Worth noting that even the NAMA team who will be on hand are all women this year! We’ve sent Brett off to hold down the fort at Farm Aid this year. In addition, Future Chefs is sending some of the up and coming young women chefs to assist our able chefs.
So come down to the Boston Local Food Festival this Sunday, September 20th on the Rose Kennedy Greenway to meet some of my friends, learn about local seafood, and the women who make food happen.

Tuesday, September 1, 2015

My Road to Farm Aid: 20 years in the making

This post comes to us from Brett Tolley, NAMA's community organizer.

This year’s Farm Aid marks its 30th year anniversary -- almost as old as I am. Farm Aid is one of the biggest concerts in the world helping to raise awareness of the importance of family farmers. Although this is my first year attending, I feel like I’ve been on the road to Farm Aid almost my whole life.

My #Road2FarmAid started when I was ten years old. I was at the fish pier with my mother and sister, awaiting my father’s return from a day’s fishing trip out to George’s Bank. The pier was full of comings and goings. Fishermen offloading. Crew mending nets. Seagulls flying overhead. Smells of salt and fish guts in the air and the sound of fishermen’s booming voices along the docks.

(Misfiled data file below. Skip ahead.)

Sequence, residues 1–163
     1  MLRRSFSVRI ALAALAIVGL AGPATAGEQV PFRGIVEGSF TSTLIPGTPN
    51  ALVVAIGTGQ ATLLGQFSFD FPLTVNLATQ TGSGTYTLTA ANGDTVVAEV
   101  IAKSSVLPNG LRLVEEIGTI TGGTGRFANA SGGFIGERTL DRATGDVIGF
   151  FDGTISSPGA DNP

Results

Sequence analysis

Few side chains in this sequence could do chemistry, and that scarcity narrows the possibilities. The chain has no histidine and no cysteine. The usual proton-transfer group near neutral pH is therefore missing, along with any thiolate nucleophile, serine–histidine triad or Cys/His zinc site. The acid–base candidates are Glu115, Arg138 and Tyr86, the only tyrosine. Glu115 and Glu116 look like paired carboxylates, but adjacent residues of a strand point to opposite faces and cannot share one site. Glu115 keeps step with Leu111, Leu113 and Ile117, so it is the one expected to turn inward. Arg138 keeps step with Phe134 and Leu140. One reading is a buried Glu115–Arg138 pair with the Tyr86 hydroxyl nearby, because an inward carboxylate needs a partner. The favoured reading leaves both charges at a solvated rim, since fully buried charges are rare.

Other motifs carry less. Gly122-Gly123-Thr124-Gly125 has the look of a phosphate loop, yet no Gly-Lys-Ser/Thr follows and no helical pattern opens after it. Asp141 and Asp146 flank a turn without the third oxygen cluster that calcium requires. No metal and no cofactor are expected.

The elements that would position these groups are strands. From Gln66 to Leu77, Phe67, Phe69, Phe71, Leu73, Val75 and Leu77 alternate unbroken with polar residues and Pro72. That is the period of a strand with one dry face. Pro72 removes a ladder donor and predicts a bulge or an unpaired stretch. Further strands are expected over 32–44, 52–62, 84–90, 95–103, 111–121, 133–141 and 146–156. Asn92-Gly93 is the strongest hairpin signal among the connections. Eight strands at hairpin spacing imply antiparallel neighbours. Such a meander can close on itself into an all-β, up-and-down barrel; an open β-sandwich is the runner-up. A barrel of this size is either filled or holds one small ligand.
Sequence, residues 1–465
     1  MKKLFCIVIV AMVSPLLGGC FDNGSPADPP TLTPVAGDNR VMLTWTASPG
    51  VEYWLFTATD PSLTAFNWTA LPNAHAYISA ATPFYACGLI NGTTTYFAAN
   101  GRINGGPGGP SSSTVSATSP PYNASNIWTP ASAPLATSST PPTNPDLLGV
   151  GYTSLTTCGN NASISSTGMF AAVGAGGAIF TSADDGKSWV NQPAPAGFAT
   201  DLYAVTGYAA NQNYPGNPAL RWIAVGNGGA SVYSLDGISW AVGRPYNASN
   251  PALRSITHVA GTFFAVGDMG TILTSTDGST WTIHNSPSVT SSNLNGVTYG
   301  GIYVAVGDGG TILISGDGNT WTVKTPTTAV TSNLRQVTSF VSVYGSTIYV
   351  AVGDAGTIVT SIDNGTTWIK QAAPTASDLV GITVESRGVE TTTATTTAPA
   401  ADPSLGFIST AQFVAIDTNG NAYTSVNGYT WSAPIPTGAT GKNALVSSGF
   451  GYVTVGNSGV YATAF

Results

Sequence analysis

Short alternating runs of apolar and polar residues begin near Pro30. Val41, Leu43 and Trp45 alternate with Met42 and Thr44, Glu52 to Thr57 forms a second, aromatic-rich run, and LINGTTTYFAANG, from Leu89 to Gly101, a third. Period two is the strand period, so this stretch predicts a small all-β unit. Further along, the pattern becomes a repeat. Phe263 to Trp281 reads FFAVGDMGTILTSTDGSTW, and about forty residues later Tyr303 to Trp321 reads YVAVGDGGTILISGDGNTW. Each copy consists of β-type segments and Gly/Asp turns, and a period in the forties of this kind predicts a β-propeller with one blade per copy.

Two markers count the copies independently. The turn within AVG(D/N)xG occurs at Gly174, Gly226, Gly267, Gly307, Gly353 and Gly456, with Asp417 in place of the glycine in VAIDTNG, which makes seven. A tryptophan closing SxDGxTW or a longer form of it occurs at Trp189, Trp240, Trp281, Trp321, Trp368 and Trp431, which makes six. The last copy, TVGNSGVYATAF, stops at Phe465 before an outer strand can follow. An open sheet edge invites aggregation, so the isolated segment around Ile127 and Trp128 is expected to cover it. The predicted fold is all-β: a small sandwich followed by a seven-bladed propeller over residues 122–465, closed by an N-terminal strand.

One of those voices was my father’s good friend Bob St. Pierre, who recently passed away. Being the great storyteller he was, Bob taught me that family fishermen and family farmers shared a lot in common. We provided food for people, worked at the mercy of mother nature, and were part of a long tradition passed on from generation to generation. He also told me that like the family farmers we were up against some of the BIG players trying to squeeze us out. So we must learn from the family farmers if we are to survive.

I had no idea what Farm Aid was, but I was on my way.

Captain Bob telling a story of catching the great bluefin tuna

With the fish piers far behind, the next step along my #Road2FarmAid came during my first week in college. I woke up to the sound of my roommate in tears and the site of the television screen as we watched the second plane hit the World Trade Tower. The following few weeks after 9/11 were rough, but during one of those late nights, huddled around the t.v. with some good friends, we turned on Farm Aid and watched live from Indiana. At center stage was Dave Matthews making a small tribute to NYC. To the tune of All Along the Watchtower by Bob Dylan, Dave Matthews strummed those chords and for whatever reason, a cathartic wave washed over me. Amidst the pain and confusion there was something in that moment that helped me process what was going on. Music has the power to do that sometimes.